Let’s bring kindness back in the workplace.
Let’s put an end to micro-invalidations and micro-aggressions — and all other overt or passive-aggressive behavior, for that matter.
Managers can lead the charge by introducing the antidote to nastiness: micro-validations (or micro-affirmations, as they’re called in some circles).
It’s necessary because 26% of people have experienced a micro-aggression — subtle, indirect, and sometimes unintentional acts of prejudice toward historically underrepresented or devalued groups — at work, a SurveyMonkey poll found. And 36% have witnessed it in the workplace.
Then there are the micro-invalidations — more subtle words and behaviors that negate others. Micro-invalidations include acts of omission (from a meeting, important information or credit for work) or backhanded compliments. Almost 30% of employees say they’ve fell victim to abusive conduct at work, and 49% say they’re affected by it, according to the Workplace Bullying Institute.
“Those little micro-invalidations that negate you or your role add up,” says Selena Rezvani, a leadership consultant, speaker and author of Quick Confidence: Be Authentic, Create Connections and Make Bold Bets On Yourself. “Any of these things in isolation might seem small or trivial, but if it keeps happening, it can mess with your confidence and your self-esteem.”
Counteract with micro-validations
In fact, one set of researchers say that just avoiding micro-aggressions and micro-invalidations — and offering training to help with this — isn’t enough to stop uncivil behavior. We also need to counteract it.
That’s where managers come in: Lead by example, help employees squash incivility, spread kindness, and build a better culture.
To avoid tearing down people, let’s start with understanding what micro-aggressions look or sound like.
What micro-aggressions look like
One of the biggest concerns with micro-aggressions is they’re often unintentional: people don’t realize their commonplace words and actions are hostile or derogatory to a degree. Similarly, some people don’t recognize their own incivility.
We can’t possibly identify all micro-aggressions, but here’s an example of several:
- Race/ethnicity/nationality: “I’m surprised your English is so good!”
- Gender identity: “Hey, can I get a few guys to help me lift some heavy boxes?”
- Sexual orientation: “Is your wife/husband on board with this?”
- Religion: “Do you really pray five times a day?”
- Socioeconomic status: “You don’t look like you grew up poor.”
- Age: “OK, Boomer.”
- Disability: “You are so brave.”
- Neurodiversity: “Well, he seems normal.”
Instead, we want to build up people in the workplace. Decades of research proves that when we highlight employees’ strengths and contributions they grow stronger, perform better and become more engaged at work. That makes them happier, healthier and more connected.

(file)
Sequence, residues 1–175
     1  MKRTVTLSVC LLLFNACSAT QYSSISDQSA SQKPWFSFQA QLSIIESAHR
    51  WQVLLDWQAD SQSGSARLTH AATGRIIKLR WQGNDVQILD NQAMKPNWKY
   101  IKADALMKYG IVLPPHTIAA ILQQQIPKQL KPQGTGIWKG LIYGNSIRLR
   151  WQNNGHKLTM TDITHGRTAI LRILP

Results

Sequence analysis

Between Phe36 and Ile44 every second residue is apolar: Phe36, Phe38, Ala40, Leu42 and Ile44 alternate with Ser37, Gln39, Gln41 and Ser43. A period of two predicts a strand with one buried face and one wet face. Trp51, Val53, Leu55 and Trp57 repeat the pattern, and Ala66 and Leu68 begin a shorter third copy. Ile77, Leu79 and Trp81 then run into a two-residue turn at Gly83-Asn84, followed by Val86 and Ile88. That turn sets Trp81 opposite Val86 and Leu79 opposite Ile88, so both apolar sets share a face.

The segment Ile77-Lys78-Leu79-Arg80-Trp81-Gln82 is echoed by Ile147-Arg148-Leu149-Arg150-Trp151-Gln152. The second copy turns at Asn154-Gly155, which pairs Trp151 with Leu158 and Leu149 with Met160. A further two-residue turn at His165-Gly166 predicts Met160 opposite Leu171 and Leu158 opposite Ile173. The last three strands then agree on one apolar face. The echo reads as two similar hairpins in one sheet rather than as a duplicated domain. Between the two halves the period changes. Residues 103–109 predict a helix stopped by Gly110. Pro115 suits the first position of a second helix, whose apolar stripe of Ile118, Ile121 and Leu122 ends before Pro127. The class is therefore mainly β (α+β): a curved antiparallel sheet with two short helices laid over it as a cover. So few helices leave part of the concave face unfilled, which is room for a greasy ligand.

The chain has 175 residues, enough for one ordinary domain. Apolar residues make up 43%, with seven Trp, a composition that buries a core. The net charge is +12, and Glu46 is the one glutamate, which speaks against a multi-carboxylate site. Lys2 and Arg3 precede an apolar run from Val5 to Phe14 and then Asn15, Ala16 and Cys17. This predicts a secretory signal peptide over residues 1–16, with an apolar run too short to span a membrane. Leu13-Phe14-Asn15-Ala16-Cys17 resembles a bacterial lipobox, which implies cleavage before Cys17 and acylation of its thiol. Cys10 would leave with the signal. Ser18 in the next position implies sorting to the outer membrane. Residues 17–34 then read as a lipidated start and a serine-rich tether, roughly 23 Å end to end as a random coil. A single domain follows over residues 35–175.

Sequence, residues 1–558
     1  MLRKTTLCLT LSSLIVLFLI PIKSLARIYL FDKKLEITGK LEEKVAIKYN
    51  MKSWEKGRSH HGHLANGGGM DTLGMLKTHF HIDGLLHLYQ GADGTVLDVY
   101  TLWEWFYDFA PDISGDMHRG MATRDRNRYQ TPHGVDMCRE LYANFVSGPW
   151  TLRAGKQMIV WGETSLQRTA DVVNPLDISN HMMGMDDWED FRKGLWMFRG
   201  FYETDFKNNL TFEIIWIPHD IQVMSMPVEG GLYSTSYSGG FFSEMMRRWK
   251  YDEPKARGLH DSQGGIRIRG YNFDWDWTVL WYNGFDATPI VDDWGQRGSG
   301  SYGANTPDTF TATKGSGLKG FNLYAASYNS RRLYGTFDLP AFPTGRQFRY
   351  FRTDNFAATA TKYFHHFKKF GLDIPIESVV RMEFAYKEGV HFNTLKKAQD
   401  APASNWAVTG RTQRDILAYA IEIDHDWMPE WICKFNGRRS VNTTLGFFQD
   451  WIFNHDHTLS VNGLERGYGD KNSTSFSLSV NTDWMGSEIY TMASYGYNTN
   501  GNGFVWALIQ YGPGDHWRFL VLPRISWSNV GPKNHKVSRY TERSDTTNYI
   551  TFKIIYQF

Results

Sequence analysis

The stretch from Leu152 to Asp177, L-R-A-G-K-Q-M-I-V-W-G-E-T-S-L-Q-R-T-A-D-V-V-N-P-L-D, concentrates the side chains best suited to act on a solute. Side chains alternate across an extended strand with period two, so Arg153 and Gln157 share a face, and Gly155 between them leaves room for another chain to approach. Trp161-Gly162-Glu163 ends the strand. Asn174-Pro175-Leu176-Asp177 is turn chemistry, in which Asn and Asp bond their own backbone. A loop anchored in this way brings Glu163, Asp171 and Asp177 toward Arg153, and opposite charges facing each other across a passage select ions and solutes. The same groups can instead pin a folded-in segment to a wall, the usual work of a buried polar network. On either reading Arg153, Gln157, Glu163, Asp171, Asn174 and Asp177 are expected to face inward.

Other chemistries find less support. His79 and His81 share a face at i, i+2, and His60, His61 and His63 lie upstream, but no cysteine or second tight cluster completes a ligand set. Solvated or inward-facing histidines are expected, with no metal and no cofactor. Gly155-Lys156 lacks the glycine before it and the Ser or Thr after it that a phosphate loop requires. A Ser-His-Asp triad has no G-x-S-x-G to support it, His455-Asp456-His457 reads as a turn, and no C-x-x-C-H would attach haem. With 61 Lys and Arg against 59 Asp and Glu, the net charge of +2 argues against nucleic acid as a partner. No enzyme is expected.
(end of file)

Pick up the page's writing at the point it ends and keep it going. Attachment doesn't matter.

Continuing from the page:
So here’s how to practice, spread and teach more micro-validations.
1. Acknowledge others
Sounds simple, but it’s often overlooked – especially because people are always preoccupied with their devices. But it’s important to acknowledge others when they walk in a room, call or speak to you. Nod, make eye contact and smile when you greet others.
When people speak, give them your full attention – whether it’s in person or in a virtual meeting. Put down your phone, close tabs on your computer screen and be present with them.
2. Respect identity
Be open to learning about people, their backgrounds, identities and preferences.
Then refer to them in the way that they think of themselves: Use their preferred names, gender identities and pronouns.
3. Show more appreciation
This is critical — and should be relatively easy — for leaders: Show more — and equal — appreciation to employees and colleagues for their contributions.
Share it directly and in realtime, telling them how their work favorably influenced, helped or impacted people and operations. Take the next step and highlight contributions and achievements to others at your company.
4. Set and support high standards
Set high standards for your team, letting them know you expect they’ll meet those.
More importantly, give them the resources, feedback and the support they need to succeed. Praise them when they reach goals. Don’t hold back constructive criticism when they don’t. Strengthen support so they overcome obstacles and barriers.
5. Validate experiences
Regardless of your efforts, it’s almost certain some employees at some time will feel marginalized. Whether they come to you, or you hear about or witness it, it’s important to recognize and validate their experience.
- Ask for and listen to their “what, why and how”
- Express care for what’s happened and how they feel
- Affirm their emotional reactions
- Help them reflect on the experience, and
- Explore ways to resolve the situation.
Note: It’s also critical that you consider if the micro-aggression or act of incivility is actually harassment, discrimination or grounds for a hostile work environment. Talk with HR to determine that — and then necessary next steps.